As India captain, he carried on the work of Sourav Ganguly, encouraging talent rather than focusing on background, ensuring that players, who, like himself came from non-traditional centres, felt comfortable in the dressing room. Ironically, Ganguly and he traversed different paths personally to achieve the same goal. In Ganguly’s case, the rich man’s son with all the creature comforts at his disposal had to train himself to understand the insecurities of the less fortunate from the boondocks. Dhoni, from the boondocks, had to teach himself to deal with the more worldly from the big cities. If either had failed, the rich vein of players from small towns, which today forms the backbone of the Indian team, might have dried up.
Yet, despite his record, both as player and captain (which included taking India to the No. 1 ranking), Dhoni might have under-performed in Test cricket. The early success may have made him risk-averse and a safety-first captain. Of his first 27 Tests (he led in 60), he won 15 and didn’t lose a series. The win percentage then was better than that of Clive Lloyd, Richie Benaud, Ian Chappell, Imran Khan and Mark Taylor. His first loss came in his 12thTest. Somehow that added to the pressure, and not losing became more important than attempting to win. He had a tendency to let things happen rather than make things happen, and following two washouts in England and Australia when his captaincy was rescued by the BCCI chief N Srinivasan, he seemed to find it a heavy burden.
What kept him in the hot seat, I suspect, was IPL and his splendid leadership of the Chennai Super Kings. It was a format he enjoyed, he was successful and the fans of his team took him to heart. In his own words, it was a marriage made in the matrimonial columns. Love came post facto, and remained through the dark days of the two-year ban the team suffered.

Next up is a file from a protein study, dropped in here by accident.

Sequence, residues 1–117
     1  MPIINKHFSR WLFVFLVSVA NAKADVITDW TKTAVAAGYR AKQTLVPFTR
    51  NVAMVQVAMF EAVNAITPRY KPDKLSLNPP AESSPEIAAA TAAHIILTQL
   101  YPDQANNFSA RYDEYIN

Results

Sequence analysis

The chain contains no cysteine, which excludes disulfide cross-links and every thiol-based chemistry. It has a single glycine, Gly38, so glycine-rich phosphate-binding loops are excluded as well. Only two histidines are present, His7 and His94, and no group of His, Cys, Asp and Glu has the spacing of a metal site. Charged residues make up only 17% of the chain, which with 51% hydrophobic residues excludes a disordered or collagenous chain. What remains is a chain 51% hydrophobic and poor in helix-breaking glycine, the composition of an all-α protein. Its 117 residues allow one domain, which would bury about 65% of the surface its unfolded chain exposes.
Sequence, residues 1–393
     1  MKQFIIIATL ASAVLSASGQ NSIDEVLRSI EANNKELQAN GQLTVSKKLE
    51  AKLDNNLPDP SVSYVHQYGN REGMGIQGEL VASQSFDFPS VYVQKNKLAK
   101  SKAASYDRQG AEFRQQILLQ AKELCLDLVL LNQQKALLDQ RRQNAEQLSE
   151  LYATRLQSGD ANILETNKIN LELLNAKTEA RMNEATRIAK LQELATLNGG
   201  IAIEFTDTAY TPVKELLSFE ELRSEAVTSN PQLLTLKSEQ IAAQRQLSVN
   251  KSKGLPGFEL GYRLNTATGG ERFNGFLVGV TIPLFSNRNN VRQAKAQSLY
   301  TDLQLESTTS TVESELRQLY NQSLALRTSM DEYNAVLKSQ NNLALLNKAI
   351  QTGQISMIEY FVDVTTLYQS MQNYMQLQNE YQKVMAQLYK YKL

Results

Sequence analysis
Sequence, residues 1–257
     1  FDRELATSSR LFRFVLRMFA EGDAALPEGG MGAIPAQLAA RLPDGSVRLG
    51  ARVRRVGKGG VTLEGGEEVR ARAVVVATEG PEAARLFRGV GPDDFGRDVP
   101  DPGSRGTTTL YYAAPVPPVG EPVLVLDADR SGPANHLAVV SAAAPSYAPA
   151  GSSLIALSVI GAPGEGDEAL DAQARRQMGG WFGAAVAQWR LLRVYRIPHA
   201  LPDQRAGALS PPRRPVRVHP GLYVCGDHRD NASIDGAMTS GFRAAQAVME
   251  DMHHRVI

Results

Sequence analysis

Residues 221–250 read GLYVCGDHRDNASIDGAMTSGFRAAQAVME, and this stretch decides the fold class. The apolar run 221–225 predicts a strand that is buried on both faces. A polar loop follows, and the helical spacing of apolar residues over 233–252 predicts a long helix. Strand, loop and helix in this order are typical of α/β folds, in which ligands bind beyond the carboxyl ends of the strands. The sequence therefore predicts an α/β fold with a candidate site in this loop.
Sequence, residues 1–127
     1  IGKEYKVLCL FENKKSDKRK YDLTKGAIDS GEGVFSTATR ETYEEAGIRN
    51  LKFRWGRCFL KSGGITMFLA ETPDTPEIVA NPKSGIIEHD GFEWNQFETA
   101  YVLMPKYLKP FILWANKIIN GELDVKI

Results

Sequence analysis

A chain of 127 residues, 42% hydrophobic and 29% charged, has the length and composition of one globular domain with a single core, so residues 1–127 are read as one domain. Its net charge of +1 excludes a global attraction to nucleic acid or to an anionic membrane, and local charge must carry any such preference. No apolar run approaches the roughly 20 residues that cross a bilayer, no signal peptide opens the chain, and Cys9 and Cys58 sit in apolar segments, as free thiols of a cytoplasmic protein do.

It wasn’t surprising when Dhoni gave up captaincy of the national team; what was surprising was the announcement in the middle of a Test series in Australia. That was unlike the clear-thinking, all-factors-considering Dhoni India had come to idolise. “I want a team that can stand before an advancing truck,” he had said, and had proceeded to build just such a one.
Overturning conventional wisdom, Anil Kumble once said that a team is only as good as its captain. And Dhoni’s team was the best in the world.
Dhoni will go down as one of the greats of the short game. As a nerveless, mathematically sound finisher, constantly calculating, constantly altering the geometry of batsmanship. Not since Viv Richards has a batsman made the bowlers so nervous so consistently. “When you finish many games,” Dhoni once said, “people remember the ones you have not finished.” It put his efforts in perspective.
The abiding Indian image of the World Cup will remain Dhoni’s six to win the 2011 title. Did the suggestion of a smile break through on his face? Dhoni remains a private individual few can claim to know well. Of all contemporary cricketers he is most likely to retire completely from the game—no commentary, no media columns, no coaching, no books—and focus on his interests outside it.
Where did so much talent, such confidence, such awareness of context come from? It is impossible to tell, because before Dhoni there was no one Dhoni-like; he arrived fully formed and unique. He grew up in front of our eyes, going from the boy who was advised by a President not to cut his hair to the grey eminence of a team that goes to England with a chance to repeat what his team did in 2011.
(Suresh Menon is editor, Wisden India Almanack)